The Super Pit


A huge trough cleaved from the inside moving outwards and deeper spreads itself.

Located in Kalgoorlie, WA, the Super Pit is Australia’s largest open-cut goldmine. Over the years, thousands of tourists have been drawn to the pit to watch operators guide rock-swallowing machines which grind slowly through layers of earth, deepening the gorge to 400 metres. Meanwhile, within walking distance, a township looks on.

While Kalgoorlie has survived the ups and downs of the mining industry, other towns have struggled. Nearby, ghost towns display plaques explaining locations of now non-existent buildings that once stood tall and proud, seemingly permanent. Businesses have moved on, taking all reusable material with them, while the bodies of recently obsolete machinery remain sinking into the red dust. An abandoned mine chasm dips below the landscape. There are warning signs.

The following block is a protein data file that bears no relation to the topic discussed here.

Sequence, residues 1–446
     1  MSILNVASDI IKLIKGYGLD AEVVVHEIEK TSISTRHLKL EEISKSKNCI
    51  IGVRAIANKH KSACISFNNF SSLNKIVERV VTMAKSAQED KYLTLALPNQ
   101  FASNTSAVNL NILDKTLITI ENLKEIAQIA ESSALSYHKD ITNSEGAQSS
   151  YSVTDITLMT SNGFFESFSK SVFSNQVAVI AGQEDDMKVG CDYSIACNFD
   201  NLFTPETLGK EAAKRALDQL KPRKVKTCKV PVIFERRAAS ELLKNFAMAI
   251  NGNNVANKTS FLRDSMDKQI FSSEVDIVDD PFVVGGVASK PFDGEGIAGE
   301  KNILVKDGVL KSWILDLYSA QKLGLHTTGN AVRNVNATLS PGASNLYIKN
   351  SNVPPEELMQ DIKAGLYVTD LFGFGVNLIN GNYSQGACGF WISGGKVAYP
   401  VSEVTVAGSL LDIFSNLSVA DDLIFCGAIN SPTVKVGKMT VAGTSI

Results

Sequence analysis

Is obsoletism a symptom of the decline of the industrial age? Do these recently collapsed ghost towns represent Australia’s current trajectory regarding resource management? Exhaustion and relocation: this is colonisation.


Brodie Ellis, with credit due to Jeremy Jones (Botanist)

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[in alphabetical order]

Amalgamated Arts
City of Yarra
Conical Gallery
Horton Books